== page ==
Saturday, 25 May 2013

Squash Tactics Video Tutorial

The Basic Tactics Of Squash



Squash is a fast paced game and you must first understand this game in order to play it well.

The basic tactics explained in the video are:

-Always come back to the centre


The centre is the nearest point to all the corners, when you are playing such a good squash that you are leading the game you will find that you are in the centre most of the time.
Yet playing well is useless if you don't have the habit of always coming back to the centre no matter what.

You see, if you don't always try to come back to the centre, there will be a time in which your opponent (by seeing you) will capitalise on this occasion and score.

When i talk about coming back to the centre i don't necessarily talk about going in the T.
There are times in which staying in the T can be harmful, for example if you make a strong drive that bounces high off the back wall.

Anyway although you don't always need to come to the T you must always stay in the centre relative to the side walls.
This is because you are always just one step from the side wall. Instead if you stay in one side of the court you are giving aways a great advantage to your opponent.

So as i teach you in my court movement tutorial: Always come to the centre relative to the side walls, and eventually come to the T.


-Use the Drive efficiently


The drive is the meat of this game.
By properly using this shot you will always force your opponent on the back of the court.

What you must understand is that the drive is not necessarily a shot made to score a quick point, it is a shot used to build your game.

Use it as a foundation.

The drive works like this:
You always make a drive, no matter what your opponent makes.
This way your opponent will have to go into the back corner and you will be able to control the centre of the court.
When you are in control of the T and therefore in control of the game you just have to keep using the drive until your opponent makes a bad shot.

Then it is time for the long short alternation tactic.


-Alternate long and short shots


The most basic tactics of squash states: Throw the ball in the corners, always where your opponent is not.

I'd change this tactic and suggest that you make many drives and whenever your opponent makes a shot that is not good (check my triangle theory for in depth explanation of the geometry behind a good or a bad shot) you simply make a drop shot.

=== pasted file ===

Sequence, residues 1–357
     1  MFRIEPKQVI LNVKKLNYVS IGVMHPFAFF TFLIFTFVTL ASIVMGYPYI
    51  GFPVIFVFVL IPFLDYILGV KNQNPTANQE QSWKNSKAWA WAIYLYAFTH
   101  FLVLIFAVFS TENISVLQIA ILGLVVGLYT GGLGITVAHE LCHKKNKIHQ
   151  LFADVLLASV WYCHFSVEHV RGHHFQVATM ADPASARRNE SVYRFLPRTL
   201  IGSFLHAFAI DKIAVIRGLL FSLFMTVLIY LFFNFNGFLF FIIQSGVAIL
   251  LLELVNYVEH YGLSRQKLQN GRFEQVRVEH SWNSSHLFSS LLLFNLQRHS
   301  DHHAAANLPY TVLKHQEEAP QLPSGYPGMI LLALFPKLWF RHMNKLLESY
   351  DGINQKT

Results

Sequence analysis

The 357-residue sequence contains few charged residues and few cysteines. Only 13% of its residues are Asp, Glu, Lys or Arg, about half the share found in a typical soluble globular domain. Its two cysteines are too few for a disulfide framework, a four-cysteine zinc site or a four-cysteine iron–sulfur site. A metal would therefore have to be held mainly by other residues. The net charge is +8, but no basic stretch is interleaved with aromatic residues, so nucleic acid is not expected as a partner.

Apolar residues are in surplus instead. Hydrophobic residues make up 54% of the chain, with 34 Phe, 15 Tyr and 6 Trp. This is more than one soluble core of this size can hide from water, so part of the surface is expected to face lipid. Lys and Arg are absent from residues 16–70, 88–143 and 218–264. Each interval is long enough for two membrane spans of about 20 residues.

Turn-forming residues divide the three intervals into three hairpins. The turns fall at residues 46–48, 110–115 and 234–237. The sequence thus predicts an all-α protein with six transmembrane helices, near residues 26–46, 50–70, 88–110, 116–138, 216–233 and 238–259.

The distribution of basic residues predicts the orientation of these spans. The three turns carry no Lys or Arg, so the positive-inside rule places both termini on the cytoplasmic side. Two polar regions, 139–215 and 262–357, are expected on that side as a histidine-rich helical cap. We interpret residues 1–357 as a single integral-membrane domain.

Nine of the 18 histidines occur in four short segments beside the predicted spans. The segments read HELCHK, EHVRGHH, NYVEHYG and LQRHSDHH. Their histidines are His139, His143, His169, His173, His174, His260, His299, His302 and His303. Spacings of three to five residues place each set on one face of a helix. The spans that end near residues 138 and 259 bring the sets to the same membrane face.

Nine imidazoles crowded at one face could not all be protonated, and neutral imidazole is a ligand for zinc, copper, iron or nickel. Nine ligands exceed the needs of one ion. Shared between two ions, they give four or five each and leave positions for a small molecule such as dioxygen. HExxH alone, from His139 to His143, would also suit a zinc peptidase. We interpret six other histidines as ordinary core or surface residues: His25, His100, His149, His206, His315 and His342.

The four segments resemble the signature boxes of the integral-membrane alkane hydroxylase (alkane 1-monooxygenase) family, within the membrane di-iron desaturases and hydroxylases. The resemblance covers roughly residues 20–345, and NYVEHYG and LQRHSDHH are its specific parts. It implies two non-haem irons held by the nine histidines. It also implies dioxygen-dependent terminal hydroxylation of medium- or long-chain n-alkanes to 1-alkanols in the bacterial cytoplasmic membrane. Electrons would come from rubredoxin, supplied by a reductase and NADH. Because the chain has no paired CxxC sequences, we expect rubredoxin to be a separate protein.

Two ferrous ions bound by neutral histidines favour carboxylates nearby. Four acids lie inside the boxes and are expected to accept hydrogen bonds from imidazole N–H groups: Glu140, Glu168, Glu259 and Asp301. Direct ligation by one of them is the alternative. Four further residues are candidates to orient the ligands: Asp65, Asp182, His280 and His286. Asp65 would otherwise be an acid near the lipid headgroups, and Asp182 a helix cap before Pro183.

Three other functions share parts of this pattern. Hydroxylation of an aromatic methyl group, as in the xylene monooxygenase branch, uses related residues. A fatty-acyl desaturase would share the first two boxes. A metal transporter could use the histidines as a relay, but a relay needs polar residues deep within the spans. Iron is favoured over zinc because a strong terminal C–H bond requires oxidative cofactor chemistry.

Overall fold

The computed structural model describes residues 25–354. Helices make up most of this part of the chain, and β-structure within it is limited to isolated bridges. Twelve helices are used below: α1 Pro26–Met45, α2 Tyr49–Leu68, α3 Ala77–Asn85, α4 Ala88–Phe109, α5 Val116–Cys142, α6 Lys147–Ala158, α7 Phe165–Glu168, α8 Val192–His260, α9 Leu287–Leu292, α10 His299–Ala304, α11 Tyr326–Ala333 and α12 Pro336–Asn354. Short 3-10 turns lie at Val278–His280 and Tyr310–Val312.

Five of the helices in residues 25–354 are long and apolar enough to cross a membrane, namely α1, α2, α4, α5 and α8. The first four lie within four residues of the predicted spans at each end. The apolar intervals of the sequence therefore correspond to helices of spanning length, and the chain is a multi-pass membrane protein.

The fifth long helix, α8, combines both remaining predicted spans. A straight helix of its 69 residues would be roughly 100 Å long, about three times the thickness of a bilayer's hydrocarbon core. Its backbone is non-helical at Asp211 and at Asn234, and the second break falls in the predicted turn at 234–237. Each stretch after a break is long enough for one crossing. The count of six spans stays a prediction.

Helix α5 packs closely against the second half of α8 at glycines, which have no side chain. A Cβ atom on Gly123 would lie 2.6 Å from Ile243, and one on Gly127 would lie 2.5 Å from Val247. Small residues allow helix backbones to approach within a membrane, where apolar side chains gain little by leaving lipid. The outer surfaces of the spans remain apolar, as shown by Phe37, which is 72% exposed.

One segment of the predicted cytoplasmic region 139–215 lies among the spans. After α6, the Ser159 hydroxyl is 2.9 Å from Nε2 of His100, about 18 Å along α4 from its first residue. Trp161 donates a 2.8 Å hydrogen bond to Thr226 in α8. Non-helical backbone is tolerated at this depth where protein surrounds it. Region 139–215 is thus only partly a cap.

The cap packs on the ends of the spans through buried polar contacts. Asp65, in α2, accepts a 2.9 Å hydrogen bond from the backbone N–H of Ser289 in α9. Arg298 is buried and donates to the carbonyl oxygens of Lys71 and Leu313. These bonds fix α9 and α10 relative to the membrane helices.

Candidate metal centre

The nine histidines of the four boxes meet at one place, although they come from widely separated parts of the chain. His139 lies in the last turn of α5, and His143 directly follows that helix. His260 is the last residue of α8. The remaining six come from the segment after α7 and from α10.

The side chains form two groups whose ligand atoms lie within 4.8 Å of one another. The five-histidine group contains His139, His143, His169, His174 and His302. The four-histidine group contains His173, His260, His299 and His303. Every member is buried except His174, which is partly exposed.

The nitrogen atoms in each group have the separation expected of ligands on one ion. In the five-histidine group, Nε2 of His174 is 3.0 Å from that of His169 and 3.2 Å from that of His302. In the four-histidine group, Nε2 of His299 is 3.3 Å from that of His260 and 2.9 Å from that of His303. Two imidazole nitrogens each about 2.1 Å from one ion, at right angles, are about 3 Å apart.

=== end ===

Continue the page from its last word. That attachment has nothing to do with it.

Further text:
This is the most simple yet most consistent tactic in the game.

Use the drive -> force your opponent in the corner -> make a drop shot. Wash/ Rinse/ Repeat.

The way squash works is that you and your opponent are on what is called PAR in golf until one of you makes a shot that is better than the one of the other.

Whenever this happens one player will be in disadvantage, he will actually have a little delay on the ball in respect to the player in advantage.

The way the delay gets managed depends on both players.

As a general rule if one player makes a great drive that is aimed at the back corner the game returns to a par or the table gets turned.

What i suggest to you is that every time your opponent is in delay you speed up the game a little so that the delay will actually cause an error.


-Watch your opponent


Watching your opponent is really crucial in two important ways:

  • To understand what shot will he be doing
  • To decide what shot you want to do

When playing at a low-medium level you can watch the body of your opponent, in fact the body is a accurate indicator of which shot is going to be played.

Instead when you play at an advanced level i suggest that you only watch the ball. That's because one of the pros's aim is to always fake their body communication.

So, whenever you are on court:
Always watch the ball, when you have to play it and when you have already played it.
When your opponent is going to make a shot always be aware of where the ball will go.

This is the crucial point. After your opponent makes a shot, you just need a millisecond to understand where the general direction of the ball is. As i suggested in the court philosophy article you should move in an way that leaves no room for error. 

The great new tweak i suggest you add is that when you are moving for the ball, you should turn your head to watch where your opponent is.
This ways you will know which is the best shot for the occasion.



-Be unpredictable


Easy said, hard done.
To be unpredictable is hard to explain, i suggest that you make sure to alternate some shots at specific points.

For example when you are near the front corner the standard moves are the drop shot and the cross court. But you can also do an attacking boast or a lob.

As a general rule do two of the standard shot and then change to something else.

This way your opponent won't be able to read you as an open book.

If you always watch your opponent and mix things up you will find it pretty easy to dominate on court.

Another shot that i love is the attacking boast when your opponent makes a cross-court or a drive.

There are situations in which your opponent makes a shot that is not good enough to force you in the back and you can make the boast in the meantime when your opponent is recovering to the T.
If used with moderation it usually gets an easy point.

Another shot that is surprising is the cross-court from the back wall done at the last second.
If you wait to retrieve a ball from the back wall your opponent will generally assume you are going to make a boast or a drive. If you instead move your body at the last second and make a cross-court you will surprise your opponent.

To wrap up i recommend you to play with consistency and always do in game what you practise in training.
Don't try to be a phenomenon, because the best is the one that has all the fundamentals down.